I wrote this story for the Miami Herald. It was published on June 6, 1988.
ENGLEWOOD, Fla. – Wildlife officers recovered the body of a 4-year-old girl late Saturday night after a 10-foot 7-inch alligator snatched her from the edge of a pond, dragged her underwater and chewed off her leg.
Erin Glover, a bright, blue-eyed blond nicknamed “Gizmo,” and two other children were walking a Labrador puppy at 6:30 p.m. Saturday when the alligator attacked.
“The alligator took two bites out of Erin’s stomach,” said Jason Kershanick, 9, who watched from a few feet away. “It splashed up out of the water and got her.
“She screamed. That was all she could do. . . . It looked like a slow-motion cartoon.”
The second-grader stopped to catch his breath.
“All she could do is crawl,” he said. “She couldn’t get anywhere. Then the alligator grabbed her by the back . . . and backed into the water.”
When game officers found the alligator more than five hours later, it had the girl in its mouth. The alligator let go of the child only after an officer blasted it with a shotgun at point- blank range.
It took two more shotgun blasts and two bullets from a .357-caliber Magnum to kill the 350-pound reptile.
Since 1948, there have been 96 unprovoked alligator attacks in Florida, of which six were fatal, said Lt. Jim Farrior of the state game commission.
Richard LaTarski, a 64-year-old retiree, said the same alligator that killed Erin roamed the waters of the neighborhood for at least five years, killing ducks and turtles.
Two years ago, LaTarski said, he telephoned the game
commission and asked them to get rid of the alligator. “They said if it’s not causing any menace to anyone, they wouldn’t take care of it.”
Commission spokesman Farrior said Sunday that he had no record of LaTarski’s complaint. In any case, he said, wildlife officers don’t seize alligators unless they act aggressively or show that they have no fear of man.
On Sunday morning, Erin’s mother, Laurie Bowns, a 26-year- old nursing supervisor, walked dazed and teary-eyed to the site where her daughter’s body was found along the edge of Hidden Lake.
“Oh, God,” she said softly. “Why?”
Her neighbors in the Gardens of Gulf Cove subdivision had questions, too: Why did the alligator attack a child? And why didn’t the authorities capture it before it became a killer?
Debbie Triplett, who lives near the pond, was irked to see that winter residents fed some of the alligators this year.
“They think it’s funny to feed the alligators so they can have a pet,” she said.
The neighborhood had gotten comfortable with the lake’s gators, even the huge one that attacked Erin — the biggest of about a half-dozen that roam the neighborhood ponds.
“We’ve become so laid-back on this gator bit,” said Dee Burdi, a member of the neighborhood’s security patrol. “Gators are an attraction.”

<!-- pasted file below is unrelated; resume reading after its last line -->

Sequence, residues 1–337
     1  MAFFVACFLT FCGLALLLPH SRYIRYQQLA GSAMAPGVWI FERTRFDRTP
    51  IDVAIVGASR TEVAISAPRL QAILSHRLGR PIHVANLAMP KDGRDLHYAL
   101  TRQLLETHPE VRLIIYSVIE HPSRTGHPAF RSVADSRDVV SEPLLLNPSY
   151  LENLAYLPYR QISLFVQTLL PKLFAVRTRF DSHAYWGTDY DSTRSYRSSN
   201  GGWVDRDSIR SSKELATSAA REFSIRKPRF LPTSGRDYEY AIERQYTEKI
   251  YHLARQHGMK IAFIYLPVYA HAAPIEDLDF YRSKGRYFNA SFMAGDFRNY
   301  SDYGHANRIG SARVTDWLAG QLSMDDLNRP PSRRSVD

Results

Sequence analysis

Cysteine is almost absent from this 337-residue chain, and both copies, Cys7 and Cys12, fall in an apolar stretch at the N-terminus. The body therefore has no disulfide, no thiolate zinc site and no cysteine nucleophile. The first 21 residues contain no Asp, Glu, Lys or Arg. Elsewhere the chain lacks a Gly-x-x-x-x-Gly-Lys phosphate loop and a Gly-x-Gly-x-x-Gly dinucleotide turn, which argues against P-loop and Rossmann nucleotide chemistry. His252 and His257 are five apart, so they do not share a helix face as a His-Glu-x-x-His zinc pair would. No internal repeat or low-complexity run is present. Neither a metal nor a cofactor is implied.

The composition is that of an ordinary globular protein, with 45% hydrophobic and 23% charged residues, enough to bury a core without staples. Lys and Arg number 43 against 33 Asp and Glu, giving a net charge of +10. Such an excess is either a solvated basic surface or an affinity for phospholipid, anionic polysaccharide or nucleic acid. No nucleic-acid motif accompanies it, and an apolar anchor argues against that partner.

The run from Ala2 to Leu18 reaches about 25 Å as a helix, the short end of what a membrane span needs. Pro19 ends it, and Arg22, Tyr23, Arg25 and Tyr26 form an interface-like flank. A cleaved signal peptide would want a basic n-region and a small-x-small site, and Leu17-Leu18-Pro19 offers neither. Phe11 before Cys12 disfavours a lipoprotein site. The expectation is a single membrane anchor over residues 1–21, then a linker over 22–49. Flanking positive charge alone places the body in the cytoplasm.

Mike McClure, 13, said he has seen the chef at a waterside restaurant throw meat to the alligators. Another resident, Patty Scott, said some residents feed them bread and marshmallows.
Residents had become so familiar with the bull gator that attacked Erin that they had nicknamed him “Goolio.”
About 6:30 p.m. Saturday, that alligator swam near the south side of the pond as Erin bounded nearby with her brother Justin, 9, and his friend Jason Kershanick.
The dog, Shirley, trotted to the edge with Justin and Jason close behind. The two boys heard a splash and turned around.
Erin, who had been playfully kicking at the water, was suddenly on the ground, struggling.
The two boys ran home. Jason’s father, Wayne, said his son “came screaming and yelling, ‘The gator ate Erin! The gator ate Erin!’ ”
Kershanick, 36, grabbed his pistol, went to the pond and saw the alligator in the distance. But he lost sight of it before he could get through the heavy underbrush along the water’s edge.
Another neighbor, George Shreve, 31, said he heard Erin’s mother yelling, “Oh, my baby!” and ran outside.
Shreve said he immediately knew what had happened because the same alligator had lunged at him and his dog, Lucky, on Saturday.
“It scared the hell out of me,” he said.
Shreve hopped into a boat with a neighbor. The neighbor aimed a rifle at the alligator, but he didn’t fire because he was worried about hitting the girl.
Charlotte County deputies arrived and began searching. Later, after dark, state Game and Fresh Water Fish officers boarded a boat and used headlights.
They found and killed the alligator at 11:50 p.m.
“It’s terrible,” said resident George Karl. “Erin was a beautiful girl — the prettiest girl I’ve ever seen. It’s unbelievable the little girl’s gone.”
Herald staff writer Frank Cerabino contributed to this report.